21.1 The Master keeps her mind always at one with the Tao; that is what gives her her radiance.
21.2 The Tao is ungraspable. How can her mind be at one with it? Because she doesn't cling to ideas. The Tao is dark and unfathomable. How can it make her radiant? Because she lets it.
21.3 Since before time and space were, the Tao is. It is beyond is and is not.
21.4 How do I know this is true? I look inside myself and see.
22.1 If you want to become whole, let yourself be partial. If you want to become straight, let yourself be crooked. If you want to become full, let yourself be empty. If you want to be reborn, let yourself die. If you want to be given everything, give everything up.
22.2 The Master, by residing in the Tao, sets an example for all beings.
22.3 Because he doesn't display himself, people can see his light. Because he has nothing to prove, people can trust his words. Because he doesn't know who he is, people recognize themselves in him.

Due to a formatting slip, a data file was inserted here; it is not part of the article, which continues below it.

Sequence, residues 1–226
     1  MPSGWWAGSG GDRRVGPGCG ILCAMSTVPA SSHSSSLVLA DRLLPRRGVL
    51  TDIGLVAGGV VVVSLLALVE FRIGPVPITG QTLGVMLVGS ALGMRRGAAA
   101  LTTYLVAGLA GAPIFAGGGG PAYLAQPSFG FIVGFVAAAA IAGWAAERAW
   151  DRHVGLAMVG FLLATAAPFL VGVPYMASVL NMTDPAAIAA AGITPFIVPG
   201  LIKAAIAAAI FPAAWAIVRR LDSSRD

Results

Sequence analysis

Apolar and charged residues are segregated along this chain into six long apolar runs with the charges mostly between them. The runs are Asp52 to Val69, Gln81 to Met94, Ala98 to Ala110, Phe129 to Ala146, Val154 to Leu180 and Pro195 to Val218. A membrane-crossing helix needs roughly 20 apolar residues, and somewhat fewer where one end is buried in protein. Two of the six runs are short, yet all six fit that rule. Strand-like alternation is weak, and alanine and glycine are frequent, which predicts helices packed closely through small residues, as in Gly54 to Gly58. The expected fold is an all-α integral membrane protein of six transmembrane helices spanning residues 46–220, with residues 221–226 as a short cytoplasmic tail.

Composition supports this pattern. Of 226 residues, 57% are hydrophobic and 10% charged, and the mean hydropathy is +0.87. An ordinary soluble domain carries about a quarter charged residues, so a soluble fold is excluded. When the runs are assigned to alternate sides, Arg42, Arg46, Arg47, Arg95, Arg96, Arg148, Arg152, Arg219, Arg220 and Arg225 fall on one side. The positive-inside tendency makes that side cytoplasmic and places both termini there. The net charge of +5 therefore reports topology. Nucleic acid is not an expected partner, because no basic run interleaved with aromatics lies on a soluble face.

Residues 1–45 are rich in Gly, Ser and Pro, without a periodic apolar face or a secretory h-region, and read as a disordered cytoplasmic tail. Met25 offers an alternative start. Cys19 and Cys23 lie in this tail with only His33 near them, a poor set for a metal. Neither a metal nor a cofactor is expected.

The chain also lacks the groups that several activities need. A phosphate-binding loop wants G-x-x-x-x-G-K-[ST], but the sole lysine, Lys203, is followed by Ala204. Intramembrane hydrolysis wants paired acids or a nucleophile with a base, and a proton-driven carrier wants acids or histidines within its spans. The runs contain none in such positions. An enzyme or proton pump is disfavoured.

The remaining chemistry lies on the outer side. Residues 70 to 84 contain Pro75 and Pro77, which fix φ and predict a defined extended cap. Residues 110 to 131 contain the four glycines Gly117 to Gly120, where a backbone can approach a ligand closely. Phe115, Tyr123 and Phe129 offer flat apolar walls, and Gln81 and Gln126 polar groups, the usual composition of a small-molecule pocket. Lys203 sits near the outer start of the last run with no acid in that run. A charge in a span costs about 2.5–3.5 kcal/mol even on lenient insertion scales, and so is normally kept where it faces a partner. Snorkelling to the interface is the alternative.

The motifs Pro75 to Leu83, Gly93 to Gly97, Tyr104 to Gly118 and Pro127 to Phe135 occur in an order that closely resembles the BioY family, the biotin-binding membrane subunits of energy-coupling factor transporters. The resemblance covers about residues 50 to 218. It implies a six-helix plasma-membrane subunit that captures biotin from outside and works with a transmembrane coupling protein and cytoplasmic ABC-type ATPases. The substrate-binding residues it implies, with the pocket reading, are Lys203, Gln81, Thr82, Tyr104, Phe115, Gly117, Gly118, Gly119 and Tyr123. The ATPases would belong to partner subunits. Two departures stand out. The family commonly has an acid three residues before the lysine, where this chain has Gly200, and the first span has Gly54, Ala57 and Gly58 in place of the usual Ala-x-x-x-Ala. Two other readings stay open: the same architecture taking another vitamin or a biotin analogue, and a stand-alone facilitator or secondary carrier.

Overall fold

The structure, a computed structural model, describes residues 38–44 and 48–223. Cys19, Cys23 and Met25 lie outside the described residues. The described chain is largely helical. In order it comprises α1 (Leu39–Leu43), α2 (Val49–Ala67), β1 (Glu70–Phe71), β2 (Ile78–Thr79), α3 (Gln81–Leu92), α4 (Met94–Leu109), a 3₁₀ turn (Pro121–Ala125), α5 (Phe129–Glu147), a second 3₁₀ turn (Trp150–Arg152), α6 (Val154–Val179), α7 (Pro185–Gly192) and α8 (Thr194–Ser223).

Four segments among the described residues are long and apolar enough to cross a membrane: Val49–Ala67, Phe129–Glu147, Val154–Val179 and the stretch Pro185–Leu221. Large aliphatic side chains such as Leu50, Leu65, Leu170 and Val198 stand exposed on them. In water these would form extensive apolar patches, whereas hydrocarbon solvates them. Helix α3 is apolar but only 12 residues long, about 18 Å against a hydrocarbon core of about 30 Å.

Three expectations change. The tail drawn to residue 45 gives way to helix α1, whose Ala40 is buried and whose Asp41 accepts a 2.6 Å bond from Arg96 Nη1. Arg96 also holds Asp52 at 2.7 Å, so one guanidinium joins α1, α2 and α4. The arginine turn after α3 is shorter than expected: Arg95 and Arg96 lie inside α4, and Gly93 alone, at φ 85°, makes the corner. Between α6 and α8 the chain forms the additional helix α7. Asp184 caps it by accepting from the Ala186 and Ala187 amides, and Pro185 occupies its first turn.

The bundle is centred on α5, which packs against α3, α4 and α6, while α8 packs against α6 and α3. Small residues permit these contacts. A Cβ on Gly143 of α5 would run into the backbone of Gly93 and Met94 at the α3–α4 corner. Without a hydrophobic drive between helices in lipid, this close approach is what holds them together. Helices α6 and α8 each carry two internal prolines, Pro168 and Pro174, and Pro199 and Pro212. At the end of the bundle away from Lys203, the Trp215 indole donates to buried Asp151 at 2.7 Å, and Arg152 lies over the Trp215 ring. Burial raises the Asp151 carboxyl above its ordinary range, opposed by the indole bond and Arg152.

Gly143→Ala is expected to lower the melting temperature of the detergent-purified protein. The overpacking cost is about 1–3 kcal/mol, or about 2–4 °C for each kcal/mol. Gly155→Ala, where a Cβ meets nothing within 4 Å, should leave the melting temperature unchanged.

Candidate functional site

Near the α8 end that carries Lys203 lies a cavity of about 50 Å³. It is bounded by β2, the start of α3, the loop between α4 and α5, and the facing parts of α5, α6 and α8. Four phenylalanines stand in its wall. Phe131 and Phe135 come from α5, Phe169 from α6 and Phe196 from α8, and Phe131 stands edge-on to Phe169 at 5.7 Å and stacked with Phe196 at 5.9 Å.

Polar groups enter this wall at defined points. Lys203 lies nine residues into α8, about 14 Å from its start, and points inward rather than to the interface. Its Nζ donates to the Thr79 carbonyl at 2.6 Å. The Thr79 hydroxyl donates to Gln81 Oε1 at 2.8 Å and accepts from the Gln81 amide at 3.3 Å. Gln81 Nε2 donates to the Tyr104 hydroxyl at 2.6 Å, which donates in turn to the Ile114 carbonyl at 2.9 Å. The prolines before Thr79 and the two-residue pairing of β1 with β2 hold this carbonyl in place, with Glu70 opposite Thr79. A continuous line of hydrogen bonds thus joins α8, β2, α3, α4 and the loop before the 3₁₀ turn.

22.4 Because he has no goal in mind, everything he does succeeds.
22.5 When the ancient Masters said, "If you want to be given everything, give everything up," they weren't using empty phrases. Only in being lived by the Tao can you be truly yourself.
23.1 Express yourself completely, then keep quiet.
23.2 Be like the forces of nature: when it blows, there is only wind; when it rains, there is only rain; when the clouds pass, the sun shines through.